More than 7500 imported vehicles were registered for the first time in Western Bay of Plenty and Tauranga last year, reflecting good local sales.
According to the New Zealand Transport Agency, 3113 of the vehicles were new and 4501 were used.
The model with the most new registrations in the region was the Nissan Tiida at 445 vehicles, followed by Suzuki Swift at 331 and Mazda Axela at 317.
Stadium Cars Tauranga managing director Ian Muir said his used car dealership had a fairly good year in 2014.
"Things got particularly good towards the end of the year across all the different makes and models," he said. "People have been able to get top quality vehicles for good prices."
The gap between the price of new and used cars had closed, he said.
"We're still getting good sales. A $7000 difference between new and used may not sound like a lot when you're buying an expensive vehicle but it still is to a lot of people."
Hatchbacks and SUVs were their biggest sellers, he said.
"People whose kids have left home are wanting to go from bigger vehicles to hatchbacks, and people with big families are making the move from people movers to SUVs."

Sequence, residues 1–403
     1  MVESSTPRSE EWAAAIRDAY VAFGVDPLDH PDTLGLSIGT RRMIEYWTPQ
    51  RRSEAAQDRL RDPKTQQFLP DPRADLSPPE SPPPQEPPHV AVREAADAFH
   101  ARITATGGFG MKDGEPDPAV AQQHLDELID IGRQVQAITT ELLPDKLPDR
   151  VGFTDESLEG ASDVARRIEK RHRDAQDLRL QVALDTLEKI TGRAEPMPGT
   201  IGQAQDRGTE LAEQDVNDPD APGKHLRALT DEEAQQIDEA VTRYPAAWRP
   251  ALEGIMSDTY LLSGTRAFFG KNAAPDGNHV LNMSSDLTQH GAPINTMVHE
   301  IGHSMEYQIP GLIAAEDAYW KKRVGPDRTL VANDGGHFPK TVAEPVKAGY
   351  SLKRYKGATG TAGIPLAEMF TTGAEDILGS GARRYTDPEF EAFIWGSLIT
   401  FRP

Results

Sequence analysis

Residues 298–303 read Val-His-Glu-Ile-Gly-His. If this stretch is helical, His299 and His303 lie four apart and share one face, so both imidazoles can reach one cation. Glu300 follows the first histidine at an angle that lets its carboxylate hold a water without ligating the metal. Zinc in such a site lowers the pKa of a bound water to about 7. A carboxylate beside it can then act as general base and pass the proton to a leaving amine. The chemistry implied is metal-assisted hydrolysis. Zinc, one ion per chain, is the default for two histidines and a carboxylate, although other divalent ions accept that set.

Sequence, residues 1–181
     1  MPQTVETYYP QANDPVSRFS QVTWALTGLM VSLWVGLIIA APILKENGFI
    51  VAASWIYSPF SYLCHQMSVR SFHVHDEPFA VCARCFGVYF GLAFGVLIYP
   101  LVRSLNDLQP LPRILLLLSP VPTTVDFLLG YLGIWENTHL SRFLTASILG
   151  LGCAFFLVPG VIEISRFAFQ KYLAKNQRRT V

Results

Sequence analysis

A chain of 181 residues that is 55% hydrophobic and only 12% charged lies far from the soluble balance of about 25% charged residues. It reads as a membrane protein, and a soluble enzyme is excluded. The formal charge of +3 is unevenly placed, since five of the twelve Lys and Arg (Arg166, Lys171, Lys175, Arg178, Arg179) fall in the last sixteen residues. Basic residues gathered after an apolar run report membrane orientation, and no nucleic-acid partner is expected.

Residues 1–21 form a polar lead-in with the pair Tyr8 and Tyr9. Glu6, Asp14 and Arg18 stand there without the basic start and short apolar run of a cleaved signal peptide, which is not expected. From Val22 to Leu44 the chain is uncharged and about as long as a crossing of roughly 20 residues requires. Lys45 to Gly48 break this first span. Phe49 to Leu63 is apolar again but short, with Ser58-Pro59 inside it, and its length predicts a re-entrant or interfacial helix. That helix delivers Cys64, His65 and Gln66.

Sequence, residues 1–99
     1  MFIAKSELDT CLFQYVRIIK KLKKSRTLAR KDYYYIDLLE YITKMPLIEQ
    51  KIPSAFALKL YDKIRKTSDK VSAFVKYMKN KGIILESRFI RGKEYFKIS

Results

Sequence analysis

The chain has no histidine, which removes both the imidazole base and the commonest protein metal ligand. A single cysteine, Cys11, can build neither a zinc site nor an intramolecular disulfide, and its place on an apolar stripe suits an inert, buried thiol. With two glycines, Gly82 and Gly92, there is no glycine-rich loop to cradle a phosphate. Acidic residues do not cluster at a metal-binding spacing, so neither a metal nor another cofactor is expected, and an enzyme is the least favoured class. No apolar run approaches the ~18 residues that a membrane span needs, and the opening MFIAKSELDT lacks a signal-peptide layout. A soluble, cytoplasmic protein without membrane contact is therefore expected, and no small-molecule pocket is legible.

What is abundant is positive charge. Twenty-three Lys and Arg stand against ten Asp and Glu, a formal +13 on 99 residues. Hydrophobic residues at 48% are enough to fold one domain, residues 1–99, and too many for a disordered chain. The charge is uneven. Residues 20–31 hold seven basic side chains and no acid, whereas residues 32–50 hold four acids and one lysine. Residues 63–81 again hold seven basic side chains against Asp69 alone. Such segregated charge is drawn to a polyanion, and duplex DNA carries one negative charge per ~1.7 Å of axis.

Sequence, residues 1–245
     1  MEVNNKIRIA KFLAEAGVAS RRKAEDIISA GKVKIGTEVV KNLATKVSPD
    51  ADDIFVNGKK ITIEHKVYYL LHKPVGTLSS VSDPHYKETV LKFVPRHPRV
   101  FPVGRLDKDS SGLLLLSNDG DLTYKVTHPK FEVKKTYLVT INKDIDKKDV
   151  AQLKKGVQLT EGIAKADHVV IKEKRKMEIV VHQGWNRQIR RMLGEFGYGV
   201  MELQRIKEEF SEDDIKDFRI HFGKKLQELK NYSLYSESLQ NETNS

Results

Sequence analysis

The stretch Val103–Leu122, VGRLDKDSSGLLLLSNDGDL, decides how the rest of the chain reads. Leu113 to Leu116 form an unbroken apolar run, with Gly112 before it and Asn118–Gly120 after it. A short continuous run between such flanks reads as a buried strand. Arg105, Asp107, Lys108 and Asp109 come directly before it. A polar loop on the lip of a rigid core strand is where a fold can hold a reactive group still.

NZME. regional motoring editor Colin Smith said record sales of new commercial vehicles had meant a strong year for car dealers.
Growth in the SUV market was particularly evident - nearly 30 per cent of the market was SUVs in 2014.
"More makes are 2WD, rather than 4WD, meaning they have lower running costs," he said. "It also comes down to the fact there's such a huge amount of SUVs now - almost every manufacturer makes SUVs.
"And they're a fashion thing. Commercials and families are buying them because they look good and have good features."
The large- and medium-car segment had become a smaller slice of the market, as a result, although the Holden Commodore was the second biggest seller of the year, he said.
"Holden Commodores are still a popular car, though, in general, people are moving away from having larger cars."
The price of new cars had remained relatively static in the past five years. "A vehicle that was $50K five years ago, will still be $50K now with a few more safety features so there's a perception of them having better value."
A catch-up from the global financial crisis when businesses and individuals didn't renew their cars had probably also contributed to the strong 2014, he said.